JIS News

Jamaica has been elected to chair the Group of 77 and China, a caucus of newly independent and developing countries in the United Nations system.
The country’s bid for the chairmanship was unanimously endorsed at a formal meeting of the organization at the United Nations (UN) headquarters in New York on September 29.
Minister of Foreign Affairs and Foreign Trade, K.D. Knight, who is in New York for the 59th General Assembly of the UN, expressed his appreciation to the group, and the Latin American and Caribbean membership in particular, for “the confidence demonstrated in nominating Jamaica for the chairmanship for 2005.”
“Jamaica accepts this important responsibility,” he stressed, “and is committed to maintaining the focus of the international community on issues of importance to developing countries.”
The meeting, which was presided over by UN Secretary-General Kofi Anan, also afforded member countries an opportunity to comment on a range of issues relating to economic development and trade liberalization, as well as the perceived marginalization of many newly independent and developing countries.
Secretary-General Anan, in his submission, reminded the Group of 77 and China, that its work was of extreme importance, as it would enable developing countries to more forcefully articulate and foster a deeper recognition, by the international community, of the need for a more equitable and just international economic system.
He also appealed to the international community for more concerted action in forging a more productive North-South partnership, between developing countries and wealthier states, and urged the G-77 caucus to work for greater economic interchange and technical cooperation between members.
Meanwhile, Minister Knight said that Jamaica’s assumption of the leadership of the G-77 and China came at a critical time in the international system, as the pursuit of development had become more daunting, “given the impact of globalization and liberalization, among and within countries, despite the efforts of developing states to transform their economies.”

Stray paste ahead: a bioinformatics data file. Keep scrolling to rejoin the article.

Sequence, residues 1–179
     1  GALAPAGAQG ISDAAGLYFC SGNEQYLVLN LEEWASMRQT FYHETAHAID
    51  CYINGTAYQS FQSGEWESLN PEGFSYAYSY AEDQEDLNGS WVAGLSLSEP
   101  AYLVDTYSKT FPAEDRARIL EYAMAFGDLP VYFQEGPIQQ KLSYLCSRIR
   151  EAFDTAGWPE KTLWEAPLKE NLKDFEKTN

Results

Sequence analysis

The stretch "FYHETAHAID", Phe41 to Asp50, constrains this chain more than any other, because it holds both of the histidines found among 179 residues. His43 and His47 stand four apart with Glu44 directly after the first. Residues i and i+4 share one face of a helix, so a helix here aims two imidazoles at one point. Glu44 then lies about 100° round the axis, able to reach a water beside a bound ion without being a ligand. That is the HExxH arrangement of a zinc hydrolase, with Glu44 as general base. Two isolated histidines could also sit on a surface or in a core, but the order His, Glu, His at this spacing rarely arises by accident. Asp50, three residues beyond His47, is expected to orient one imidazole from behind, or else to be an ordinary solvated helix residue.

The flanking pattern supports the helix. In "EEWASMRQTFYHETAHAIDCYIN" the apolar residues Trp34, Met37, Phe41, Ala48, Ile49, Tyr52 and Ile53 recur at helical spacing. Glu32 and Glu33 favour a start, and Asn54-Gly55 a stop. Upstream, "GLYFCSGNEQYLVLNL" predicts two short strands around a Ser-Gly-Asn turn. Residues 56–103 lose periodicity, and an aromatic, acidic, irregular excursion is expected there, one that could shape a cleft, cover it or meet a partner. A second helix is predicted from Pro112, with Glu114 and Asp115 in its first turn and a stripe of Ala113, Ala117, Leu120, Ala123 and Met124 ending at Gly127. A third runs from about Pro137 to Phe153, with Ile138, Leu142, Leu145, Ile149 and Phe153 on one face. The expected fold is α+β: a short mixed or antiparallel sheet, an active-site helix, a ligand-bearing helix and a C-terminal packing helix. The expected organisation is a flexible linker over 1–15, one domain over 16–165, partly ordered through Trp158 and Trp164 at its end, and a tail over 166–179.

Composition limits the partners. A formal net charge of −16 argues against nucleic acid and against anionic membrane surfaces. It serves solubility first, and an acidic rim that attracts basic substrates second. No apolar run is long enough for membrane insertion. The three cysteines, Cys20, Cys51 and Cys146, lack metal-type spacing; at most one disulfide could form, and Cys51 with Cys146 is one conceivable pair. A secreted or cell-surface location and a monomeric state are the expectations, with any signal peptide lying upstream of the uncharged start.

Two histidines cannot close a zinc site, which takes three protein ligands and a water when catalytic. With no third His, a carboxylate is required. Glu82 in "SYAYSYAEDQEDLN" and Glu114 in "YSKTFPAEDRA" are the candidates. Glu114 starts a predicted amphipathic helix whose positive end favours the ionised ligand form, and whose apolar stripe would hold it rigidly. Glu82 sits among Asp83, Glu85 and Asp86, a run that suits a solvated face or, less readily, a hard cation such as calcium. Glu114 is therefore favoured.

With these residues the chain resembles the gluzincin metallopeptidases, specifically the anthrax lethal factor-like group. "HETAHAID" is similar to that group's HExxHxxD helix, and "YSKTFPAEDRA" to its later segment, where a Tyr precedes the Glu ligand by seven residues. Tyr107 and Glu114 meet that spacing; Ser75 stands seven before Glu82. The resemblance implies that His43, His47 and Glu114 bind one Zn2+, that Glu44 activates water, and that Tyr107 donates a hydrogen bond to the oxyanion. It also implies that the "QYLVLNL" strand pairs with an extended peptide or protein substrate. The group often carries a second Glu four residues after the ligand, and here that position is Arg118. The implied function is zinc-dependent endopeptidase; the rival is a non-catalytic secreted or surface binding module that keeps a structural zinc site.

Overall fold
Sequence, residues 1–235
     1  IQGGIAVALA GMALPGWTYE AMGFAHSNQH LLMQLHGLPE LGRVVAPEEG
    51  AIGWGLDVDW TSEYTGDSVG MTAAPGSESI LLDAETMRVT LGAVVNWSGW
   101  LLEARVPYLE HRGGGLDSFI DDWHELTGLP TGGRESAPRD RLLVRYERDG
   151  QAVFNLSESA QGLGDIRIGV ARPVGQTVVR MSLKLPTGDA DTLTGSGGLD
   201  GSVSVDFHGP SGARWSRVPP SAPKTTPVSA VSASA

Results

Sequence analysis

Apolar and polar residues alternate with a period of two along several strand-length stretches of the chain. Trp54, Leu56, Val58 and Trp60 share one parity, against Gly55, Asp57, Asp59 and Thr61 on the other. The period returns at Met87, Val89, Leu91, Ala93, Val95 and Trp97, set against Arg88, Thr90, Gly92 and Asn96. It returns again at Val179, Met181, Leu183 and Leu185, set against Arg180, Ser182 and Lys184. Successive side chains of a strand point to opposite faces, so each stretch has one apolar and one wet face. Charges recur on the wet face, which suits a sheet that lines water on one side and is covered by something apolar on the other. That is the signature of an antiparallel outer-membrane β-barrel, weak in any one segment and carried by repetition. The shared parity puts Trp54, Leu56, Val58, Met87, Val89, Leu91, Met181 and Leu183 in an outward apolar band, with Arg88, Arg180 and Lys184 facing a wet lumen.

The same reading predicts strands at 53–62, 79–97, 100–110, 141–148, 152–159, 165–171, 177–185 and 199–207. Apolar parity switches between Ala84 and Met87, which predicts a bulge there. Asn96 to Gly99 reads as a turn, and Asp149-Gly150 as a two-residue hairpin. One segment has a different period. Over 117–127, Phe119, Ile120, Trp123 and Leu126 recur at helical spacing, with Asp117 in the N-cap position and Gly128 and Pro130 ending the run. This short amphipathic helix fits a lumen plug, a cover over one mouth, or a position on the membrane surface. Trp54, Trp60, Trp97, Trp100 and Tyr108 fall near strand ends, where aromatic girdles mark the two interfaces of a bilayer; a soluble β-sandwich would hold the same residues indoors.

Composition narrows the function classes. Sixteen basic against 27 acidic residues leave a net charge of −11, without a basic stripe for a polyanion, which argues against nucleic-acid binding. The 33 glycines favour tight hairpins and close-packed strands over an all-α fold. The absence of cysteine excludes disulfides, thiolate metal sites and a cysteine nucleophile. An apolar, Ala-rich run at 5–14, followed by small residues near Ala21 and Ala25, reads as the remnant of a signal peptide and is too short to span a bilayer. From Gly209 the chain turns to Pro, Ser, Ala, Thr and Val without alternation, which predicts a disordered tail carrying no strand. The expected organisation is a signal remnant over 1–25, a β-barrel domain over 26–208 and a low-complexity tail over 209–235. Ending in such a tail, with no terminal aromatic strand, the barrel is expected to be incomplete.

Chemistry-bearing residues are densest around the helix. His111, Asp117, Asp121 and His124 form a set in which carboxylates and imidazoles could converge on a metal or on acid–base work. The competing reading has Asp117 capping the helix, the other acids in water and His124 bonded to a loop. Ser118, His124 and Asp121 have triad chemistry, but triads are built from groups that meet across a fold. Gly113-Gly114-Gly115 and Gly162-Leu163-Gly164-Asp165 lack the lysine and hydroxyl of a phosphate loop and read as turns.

He submitted that efforts should be made to ensure that the conduct of international economic relations be more “responsive to developing world realities and that appropriate reforms are implemented to harmonize trade and economic policies with current objectives.” “Effective and democratic global governance is not a lofty ideal but an imperative for our economic survival and for integration in the mainstream of the world economy. As such, we should demand a more equitable and inclusive international environment,” Minister Knight said. The Foreign Minister further argued that developing countries should “participate in and benefit from the process of globalization and liberalization.”
The Jamaican Foreign Minister also called for the UN system to actively promote and facilitate this process, which could have as its key mandate “the shaping of a more participatory, democratic and equitable global economic order”.
Several delegations present also took the opportunity to congratulate Minister Knight on his assumption of the leadership of the Group of 77 and recalled the country’s long history of advocacy in the international community.
The Cuban delegation characterized Jamaica’s chairmanship as important in helping to focus the Group on taking “concrete action on issues that would give meaning to the work of G77.”
The delegation further argued that the Group, as a whole, had an important function in helping to define global development priorities at a time when the developed world was spending some US$17 billion per year on pet food, while experts estimate that illiteracy across the world would be virtually eliminated with a US$19 billion investment. The Group of 77 came into being after the signing of the Joint Declaration of 77 countries, adopted at the end of the First Session of the United Nations Conference on Trade and Development (UNCTAD) in Geneva, Switzerland in 1964. The group is celebrating its 40th anniversary this year and has a total of 132 member states.
When Jamaica takes the helm in 2005, it will preside over the staging of a major international conference, which will undertake a comprehensive review of the progress made in fulfilling major international development accords, such as the Millennium Declaration, and will also seek to ensure the full implementation of decisions emanating from UN conferences and summits relating to economic and social development.

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